Thanks to Gail, I’ve updated the video links below to include the mentor connection with Beck. Might be the reason I noticed in the videos the faces of some of the audience expressing their distaste.

My point in posting the videos was population. I thought the gumballs were also effective in driving this message across.  Humans need to start restricting births and lowering population numbers (because the alternative is ultimately more war).

Immigration IS highly problematic, but not (imo) our primary doom. We’ve already seen to that (the Anthropocene) I’m afraid.  Unless we “fix ourselves” then we’re simply addressing related, but not primary issues.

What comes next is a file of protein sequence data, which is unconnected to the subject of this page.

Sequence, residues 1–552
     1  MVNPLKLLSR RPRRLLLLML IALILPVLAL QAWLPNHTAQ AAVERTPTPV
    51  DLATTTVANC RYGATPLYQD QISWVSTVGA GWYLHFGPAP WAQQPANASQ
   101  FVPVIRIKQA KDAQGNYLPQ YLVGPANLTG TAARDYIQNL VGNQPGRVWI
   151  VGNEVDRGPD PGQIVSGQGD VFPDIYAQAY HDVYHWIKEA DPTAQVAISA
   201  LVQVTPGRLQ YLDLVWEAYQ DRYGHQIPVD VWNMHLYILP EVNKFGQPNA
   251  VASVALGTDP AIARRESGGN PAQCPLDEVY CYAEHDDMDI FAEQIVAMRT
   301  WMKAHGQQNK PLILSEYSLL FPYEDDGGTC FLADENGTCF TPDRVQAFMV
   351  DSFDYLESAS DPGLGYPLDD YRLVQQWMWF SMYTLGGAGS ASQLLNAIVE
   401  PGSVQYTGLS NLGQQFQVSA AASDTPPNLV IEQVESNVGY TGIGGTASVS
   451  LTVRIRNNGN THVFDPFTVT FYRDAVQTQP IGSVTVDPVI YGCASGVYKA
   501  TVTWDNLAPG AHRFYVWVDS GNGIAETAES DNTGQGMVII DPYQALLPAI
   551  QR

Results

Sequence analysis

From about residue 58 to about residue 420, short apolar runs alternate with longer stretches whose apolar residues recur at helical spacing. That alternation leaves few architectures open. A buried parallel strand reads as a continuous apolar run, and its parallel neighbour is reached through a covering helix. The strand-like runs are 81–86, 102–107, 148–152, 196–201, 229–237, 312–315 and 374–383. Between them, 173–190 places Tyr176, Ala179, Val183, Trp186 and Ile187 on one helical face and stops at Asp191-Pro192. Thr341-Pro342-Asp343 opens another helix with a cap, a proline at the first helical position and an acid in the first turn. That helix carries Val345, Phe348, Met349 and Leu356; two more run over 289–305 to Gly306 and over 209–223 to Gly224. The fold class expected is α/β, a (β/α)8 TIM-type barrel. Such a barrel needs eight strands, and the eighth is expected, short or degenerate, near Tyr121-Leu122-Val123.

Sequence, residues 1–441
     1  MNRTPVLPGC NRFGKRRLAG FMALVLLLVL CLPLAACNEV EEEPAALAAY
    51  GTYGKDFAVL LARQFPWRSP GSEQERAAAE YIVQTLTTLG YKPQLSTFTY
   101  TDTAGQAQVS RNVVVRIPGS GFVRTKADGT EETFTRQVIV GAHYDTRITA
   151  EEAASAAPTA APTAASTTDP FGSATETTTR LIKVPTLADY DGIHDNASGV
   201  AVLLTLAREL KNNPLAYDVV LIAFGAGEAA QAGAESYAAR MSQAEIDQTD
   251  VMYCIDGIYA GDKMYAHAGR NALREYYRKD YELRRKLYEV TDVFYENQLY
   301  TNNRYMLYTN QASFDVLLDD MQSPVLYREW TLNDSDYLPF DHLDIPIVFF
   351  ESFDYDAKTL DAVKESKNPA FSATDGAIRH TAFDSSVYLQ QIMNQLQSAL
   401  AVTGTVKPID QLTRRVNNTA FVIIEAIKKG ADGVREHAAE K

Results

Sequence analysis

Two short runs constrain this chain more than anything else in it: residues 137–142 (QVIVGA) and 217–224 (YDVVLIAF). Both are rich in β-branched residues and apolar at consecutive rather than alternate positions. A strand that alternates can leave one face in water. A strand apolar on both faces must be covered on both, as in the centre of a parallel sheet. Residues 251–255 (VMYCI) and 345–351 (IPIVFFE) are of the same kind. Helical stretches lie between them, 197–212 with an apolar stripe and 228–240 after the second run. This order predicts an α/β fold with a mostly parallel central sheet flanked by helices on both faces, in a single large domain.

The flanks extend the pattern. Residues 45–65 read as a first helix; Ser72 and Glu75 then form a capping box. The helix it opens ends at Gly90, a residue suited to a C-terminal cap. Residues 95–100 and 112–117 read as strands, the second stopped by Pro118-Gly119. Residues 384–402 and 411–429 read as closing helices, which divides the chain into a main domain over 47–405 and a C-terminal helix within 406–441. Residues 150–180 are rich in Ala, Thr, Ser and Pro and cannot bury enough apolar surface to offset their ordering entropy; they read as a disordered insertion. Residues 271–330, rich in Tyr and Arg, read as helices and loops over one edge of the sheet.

It also makes sense to fix the problems where their at.  Deforestation for example, in the Amazon, is a global problem, but driven largely by regional economic oppression. Most of us would do no different in reality if we lived there — we have to eat and raise our families, same as they do, and would do whatever was required to do so.

Immigration is a global problem and not uniquely American, and the solution (if there is one) is to fix the regional issues.  But world population is the elephant in the room.  I hold no hope however that anything will be done on either immigration or regional problems or population (except die-off, sure to happen now that we are losing our food crops all over the world). The lip-service that I’ve long documented and decry hasn’t changed anything.  It’s always just more of the same, and getting worse.

Gail’s point is well-taken.  The messenger isn’t always one we would like. This could be applied to everyone, so we need to look at the message and carefully separate all the other agenda’s and intentions these messengers might be bringing.